The questions go together. A couple of weeks ago, I saw a beautiful example of the two questions at work in the movie “War Room.” Some of you probably saw it when it came out a few years ago.
The main character in the movie, Elizabeth Jordan, has what looks like a good life. But her husband is acting like a jerk, and she is becoming increasingly bitter and resentful towards him.
Elizabeth meets an older woman named Miss Clara, who tries to help her. In one scene, Miss Clara asks Elizabeth to write down all the ways her husband has failed her. When Elizabeth complains that it will be a long list, Miss Clara advises her to stick to the highlights. Elizabeth writes three pages, and claims she could have kept going.
Then Miss Clara asks Elizabeth if, despite all her husband’s failings, she still loves him, and if she can forgive him? Elizabeth does not know how to answer in part because she is not convinced that her husband deserves her love or her forgiveness.
That is when Miss Clara nails her with the first key question. How about you? Does God love you? Does God forgive you? Yes. And do you deserve God’s love and forgiveness?
That is the first key Christian question. What has God done for you? How has God shown you grace and mercy, even if you didn’t deserve it?
Then Miss Clara asks the second key Christian question. What is God inviting you to do in response? Miss Clara asks Elizabeth, could she show her husband some of the undeserved grace that she has received?
It’s a movie, so you can guess what happens next. Elizabeth does forgive her husband and begins to pray for him. Gradually he recognizes the error of his ways, confesses his sins, and starts to do better. It all ends happily.
But when Miss Clara asked Elizabeth the two key questions, she couldn’t know how it would all go. She couldn’t even tell Elizabeth exactly what to do. The fact is, Miss Clara did not know that much about Elizabeth’s life. Miss Clara had never met Elizabeth’s husband, and she didn’t read Elizabeth’s list of complaints.
But Miss Clara knew the right questions to ask. What has God done for you? What does that mean about how you should live in this moment, with the particular challenges and opportunities facing you?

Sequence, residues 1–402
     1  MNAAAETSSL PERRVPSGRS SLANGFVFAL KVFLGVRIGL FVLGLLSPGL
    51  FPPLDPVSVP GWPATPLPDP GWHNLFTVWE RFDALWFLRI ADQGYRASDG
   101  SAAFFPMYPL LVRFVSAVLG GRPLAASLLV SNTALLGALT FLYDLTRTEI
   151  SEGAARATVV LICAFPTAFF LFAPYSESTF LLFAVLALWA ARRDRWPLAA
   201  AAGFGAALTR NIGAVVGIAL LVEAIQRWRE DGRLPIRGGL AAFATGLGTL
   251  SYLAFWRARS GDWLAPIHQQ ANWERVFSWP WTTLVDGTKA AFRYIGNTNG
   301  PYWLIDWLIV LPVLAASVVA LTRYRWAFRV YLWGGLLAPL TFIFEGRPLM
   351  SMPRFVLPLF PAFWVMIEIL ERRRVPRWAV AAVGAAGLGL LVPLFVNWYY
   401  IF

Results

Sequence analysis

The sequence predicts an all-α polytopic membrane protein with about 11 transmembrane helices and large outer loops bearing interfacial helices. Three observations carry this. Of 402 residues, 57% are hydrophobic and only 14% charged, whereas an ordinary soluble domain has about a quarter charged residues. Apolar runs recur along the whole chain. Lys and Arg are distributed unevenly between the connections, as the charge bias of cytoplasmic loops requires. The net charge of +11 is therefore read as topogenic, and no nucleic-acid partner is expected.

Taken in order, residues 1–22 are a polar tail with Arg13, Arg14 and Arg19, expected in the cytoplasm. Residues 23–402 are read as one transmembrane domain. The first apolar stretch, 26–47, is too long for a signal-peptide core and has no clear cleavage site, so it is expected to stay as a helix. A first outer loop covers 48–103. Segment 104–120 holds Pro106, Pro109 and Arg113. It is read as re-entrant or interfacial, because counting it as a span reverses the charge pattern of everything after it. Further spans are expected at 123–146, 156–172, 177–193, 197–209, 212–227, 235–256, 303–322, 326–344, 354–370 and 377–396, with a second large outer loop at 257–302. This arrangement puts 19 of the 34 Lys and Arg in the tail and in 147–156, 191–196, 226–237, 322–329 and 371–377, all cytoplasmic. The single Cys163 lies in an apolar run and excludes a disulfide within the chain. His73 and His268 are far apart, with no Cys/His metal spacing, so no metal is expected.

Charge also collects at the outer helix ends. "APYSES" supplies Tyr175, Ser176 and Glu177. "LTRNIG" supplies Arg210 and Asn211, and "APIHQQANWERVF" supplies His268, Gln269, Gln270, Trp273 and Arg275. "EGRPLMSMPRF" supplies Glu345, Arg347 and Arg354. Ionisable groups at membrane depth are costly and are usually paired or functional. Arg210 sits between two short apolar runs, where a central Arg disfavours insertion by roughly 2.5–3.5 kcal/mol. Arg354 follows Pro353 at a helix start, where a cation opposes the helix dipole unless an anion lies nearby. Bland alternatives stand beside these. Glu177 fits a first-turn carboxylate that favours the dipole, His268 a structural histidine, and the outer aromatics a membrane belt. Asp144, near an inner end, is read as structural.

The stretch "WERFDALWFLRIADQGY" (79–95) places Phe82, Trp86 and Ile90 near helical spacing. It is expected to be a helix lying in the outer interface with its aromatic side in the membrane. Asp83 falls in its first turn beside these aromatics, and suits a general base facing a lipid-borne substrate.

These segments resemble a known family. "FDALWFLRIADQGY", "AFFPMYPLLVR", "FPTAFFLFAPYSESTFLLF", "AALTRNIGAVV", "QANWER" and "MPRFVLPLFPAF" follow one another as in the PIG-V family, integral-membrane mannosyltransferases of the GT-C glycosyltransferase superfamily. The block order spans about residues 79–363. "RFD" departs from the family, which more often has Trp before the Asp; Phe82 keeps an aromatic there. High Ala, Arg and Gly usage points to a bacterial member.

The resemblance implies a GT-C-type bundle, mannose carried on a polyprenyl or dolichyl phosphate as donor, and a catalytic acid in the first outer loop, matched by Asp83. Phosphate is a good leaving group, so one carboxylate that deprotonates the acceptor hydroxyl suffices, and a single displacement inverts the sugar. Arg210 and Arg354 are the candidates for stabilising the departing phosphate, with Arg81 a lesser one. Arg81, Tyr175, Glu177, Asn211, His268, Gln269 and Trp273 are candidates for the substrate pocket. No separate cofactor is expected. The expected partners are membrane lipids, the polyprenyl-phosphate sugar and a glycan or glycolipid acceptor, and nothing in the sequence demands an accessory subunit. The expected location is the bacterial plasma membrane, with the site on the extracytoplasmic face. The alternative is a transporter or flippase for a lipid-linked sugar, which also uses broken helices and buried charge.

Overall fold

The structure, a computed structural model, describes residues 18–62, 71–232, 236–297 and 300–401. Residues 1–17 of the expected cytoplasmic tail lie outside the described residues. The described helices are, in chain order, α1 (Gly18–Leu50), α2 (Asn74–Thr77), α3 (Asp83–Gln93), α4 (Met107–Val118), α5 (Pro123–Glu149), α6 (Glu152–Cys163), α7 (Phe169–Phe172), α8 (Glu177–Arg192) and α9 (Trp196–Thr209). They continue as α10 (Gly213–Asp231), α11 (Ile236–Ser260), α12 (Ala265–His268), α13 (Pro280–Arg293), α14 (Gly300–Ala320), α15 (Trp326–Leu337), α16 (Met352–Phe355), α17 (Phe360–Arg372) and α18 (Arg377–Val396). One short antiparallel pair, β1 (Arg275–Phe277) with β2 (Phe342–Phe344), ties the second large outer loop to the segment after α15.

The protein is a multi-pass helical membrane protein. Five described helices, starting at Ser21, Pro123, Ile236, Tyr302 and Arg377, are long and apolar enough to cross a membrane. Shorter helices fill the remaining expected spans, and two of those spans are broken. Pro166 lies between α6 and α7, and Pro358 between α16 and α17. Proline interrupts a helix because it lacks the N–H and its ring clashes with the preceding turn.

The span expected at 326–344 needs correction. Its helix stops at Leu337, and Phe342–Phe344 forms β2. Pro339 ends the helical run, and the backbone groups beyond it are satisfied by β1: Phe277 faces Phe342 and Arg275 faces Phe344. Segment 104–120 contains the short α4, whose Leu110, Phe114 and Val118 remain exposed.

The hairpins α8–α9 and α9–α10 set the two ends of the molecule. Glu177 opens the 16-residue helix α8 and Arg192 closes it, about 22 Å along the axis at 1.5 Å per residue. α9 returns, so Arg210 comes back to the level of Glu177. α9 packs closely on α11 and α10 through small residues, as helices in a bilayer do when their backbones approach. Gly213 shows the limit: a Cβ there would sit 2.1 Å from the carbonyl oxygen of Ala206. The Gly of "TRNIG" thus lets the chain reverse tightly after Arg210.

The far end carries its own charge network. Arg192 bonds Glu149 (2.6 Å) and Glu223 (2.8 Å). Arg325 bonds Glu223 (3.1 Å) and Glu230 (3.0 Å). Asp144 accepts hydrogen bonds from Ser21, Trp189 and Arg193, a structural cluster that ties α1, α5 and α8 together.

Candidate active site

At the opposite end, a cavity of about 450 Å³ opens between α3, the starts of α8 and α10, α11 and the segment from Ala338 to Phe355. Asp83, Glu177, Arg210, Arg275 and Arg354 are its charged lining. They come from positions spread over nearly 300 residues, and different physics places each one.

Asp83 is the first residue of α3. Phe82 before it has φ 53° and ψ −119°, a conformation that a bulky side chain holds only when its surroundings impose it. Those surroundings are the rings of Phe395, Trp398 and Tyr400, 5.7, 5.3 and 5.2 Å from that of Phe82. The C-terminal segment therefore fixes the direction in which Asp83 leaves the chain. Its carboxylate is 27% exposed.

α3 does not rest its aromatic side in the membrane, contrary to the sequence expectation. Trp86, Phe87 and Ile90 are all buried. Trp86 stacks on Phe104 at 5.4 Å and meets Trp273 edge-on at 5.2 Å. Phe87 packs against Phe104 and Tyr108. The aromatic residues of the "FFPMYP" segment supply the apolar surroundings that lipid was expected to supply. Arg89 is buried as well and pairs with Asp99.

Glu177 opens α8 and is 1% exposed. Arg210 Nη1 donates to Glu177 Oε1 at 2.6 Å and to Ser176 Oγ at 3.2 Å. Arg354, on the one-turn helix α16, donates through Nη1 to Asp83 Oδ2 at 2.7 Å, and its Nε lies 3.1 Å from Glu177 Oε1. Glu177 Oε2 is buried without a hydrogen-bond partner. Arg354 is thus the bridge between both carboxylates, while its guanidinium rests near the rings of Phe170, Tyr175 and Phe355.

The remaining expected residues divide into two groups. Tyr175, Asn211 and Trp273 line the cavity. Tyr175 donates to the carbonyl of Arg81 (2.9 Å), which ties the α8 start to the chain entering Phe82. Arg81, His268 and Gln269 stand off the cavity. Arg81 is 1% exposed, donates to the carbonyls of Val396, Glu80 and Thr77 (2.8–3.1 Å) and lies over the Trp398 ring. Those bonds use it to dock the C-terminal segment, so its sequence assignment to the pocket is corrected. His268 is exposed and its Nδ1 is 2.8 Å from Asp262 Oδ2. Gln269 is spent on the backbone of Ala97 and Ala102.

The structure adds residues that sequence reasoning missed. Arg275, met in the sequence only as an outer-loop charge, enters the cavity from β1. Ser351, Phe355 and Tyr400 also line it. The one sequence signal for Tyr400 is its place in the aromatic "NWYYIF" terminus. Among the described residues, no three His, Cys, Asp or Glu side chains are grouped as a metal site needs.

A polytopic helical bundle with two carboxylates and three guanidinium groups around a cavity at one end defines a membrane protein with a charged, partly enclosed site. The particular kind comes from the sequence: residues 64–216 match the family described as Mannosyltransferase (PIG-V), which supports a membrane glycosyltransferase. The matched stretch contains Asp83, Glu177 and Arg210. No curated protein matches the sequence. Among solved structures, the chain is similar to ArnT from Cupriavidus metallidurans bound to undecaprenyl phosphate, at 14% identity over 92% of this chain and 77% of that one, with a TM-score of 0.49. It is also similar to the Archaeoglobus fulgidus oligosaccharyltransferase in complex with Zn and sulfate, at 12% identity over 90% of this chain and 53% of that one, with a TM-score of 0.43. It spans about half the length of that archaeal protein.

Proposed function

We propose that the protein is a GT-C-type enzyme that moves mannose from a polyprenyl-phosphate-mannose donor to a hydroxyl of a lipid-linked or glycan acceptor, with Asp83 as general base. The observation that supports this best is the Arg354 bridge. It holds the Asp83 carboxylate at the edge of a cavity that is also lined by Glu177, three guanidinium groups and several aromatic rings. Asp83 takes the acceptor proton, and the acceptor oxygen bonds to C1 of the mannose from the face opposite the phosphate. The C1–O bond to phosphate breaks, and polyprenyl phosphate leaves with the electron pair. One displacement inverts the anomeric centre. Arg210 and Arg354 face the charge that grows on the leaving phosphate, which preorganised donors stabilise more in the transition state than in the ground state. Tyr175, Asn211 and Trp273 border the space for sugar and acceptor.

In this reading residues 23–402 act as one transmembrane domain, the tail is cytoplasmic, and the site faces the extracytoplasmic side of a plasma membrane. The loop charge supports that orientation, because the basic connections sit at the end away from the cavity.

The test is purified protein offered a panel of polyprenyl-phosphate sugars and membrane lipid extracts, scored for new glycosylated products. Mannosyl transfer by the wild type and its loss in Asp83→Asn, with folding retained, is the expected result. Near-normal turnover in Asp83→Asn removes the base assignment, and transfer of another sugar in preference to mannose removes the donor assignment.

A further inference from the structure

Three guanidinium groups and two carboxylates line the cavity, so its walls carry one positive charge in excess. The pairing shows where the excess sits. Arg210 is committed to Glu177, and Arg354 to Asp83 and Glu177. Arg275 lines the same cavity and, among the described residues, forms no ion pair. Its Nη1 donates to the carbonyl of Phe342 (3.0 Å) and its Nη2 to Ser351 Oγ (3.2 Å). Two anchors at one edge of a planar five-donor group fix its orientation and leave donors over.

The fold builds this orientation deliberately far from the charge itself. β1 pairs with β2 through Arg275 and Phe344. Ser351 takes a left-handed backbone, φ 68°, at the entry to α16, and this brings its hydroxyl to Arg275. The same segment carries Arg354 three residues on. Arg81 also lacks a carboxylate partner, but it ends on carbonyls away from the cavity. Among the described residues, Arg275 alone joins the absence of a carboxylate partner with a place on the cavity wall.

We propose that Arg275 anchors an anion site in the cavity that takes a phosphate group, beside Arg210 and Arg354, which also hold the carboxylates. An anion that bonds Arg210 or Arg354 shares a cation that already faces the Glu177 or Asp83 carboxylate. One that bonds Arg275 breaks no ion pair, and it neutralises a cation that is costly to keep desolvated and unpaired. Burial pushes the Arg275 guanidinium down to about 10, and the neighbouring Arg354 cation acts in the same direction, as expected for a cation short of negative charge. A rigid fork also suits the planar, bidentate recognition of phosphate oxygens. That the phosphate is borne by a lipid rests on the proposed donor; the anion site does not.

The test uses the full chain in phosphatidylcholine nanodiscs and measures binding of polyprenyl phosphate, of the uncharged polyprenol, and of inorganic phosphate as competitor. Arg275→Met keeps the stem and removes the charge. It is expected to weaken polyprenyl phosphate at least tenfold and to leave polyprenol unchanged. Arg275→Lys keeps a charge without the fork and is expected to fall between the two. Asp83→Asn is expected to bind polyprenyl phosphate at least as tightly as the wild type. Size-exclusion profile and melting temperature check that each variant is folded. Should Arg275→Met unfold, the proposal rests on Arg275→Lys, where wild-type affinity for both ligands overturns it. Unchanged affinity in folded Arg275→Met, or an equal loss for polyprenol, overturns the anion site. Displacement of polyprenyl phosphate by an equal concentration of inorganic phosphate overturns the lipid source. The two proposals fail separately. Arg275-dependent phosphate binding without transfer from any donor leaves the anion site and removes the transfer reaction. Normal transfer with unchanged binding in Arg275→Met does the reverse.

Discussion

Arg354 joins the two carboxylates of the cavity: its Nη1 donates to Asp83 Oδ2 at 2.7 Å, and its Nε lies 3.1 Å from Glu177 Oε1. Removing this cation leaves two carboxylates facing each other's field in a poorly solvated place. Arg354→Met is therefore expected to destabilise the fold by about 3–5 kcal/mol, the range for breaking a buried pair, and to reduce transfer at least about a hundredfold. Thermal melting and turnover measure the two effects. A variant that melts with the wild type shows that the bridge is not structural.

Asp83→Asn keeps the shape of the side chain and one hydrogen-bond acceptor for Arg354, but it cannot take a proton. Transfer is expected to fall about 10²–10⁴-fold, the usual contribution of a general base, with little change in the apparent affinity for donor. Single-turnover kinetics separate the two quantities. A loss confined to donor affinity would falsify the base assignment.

So, how about us? How should we answer the two key questions?
Well, God has done a lot for us, beginning with creation itself and coming right up to this minute. But if we had to give a single answer to the first key question, what has God done for us, the answer surely comes from the story we just heard. God incarnate suffered and died for us, out of love, as an act of grace and mercy, when we were trapped in sin and darkness.
That is what God has done. The follow-up question is, how will we live our lives in light of what God has done for us?
We answer that question, the second question, in practice, for better or for worse, every day, as we go about our business.
And sometimes we answer the question poorly. Sometimes we act as if God has not done anything for us, even when we know that is not right.
That is why services like this one are so important. On Good Friday, we hear again the familiar story of Christ’s passion—his suffering and death. On Good Friday, we are reminded of just how much God has done for us.
And hopefully, as we listen, the story sinks in a little more, becomes a slightly bigger part of who we are, a slightly bigger influence on how we live. Hopefully the story begins to shape our behavior a little more deeply. Hopefully the story helps us to answer the second key question about how we live a little more faithfully.
But for tonight, we are staying focused on the first key question. Tonight, and this whole weekend, is all about the first question, the question of what Christ has done, and is still doing, for us.
In just a moment, we are going to sit in silence to reflect on that question. During that time, I invite you to personalize the story we just heard. Think about the first key question. Think about what Christ did as having been done for you. Continue to think about that through Holy Saturday.
Then, come Easter, you will be ready to celebrate with special joy and gratitude the goods news of Christ’s resurrection. And going forward, you will be a little better prepared to answer the second key question in your day to day life.
My prayer for us is that we can answer both questions well. In the name of Jesus Christ. Amen.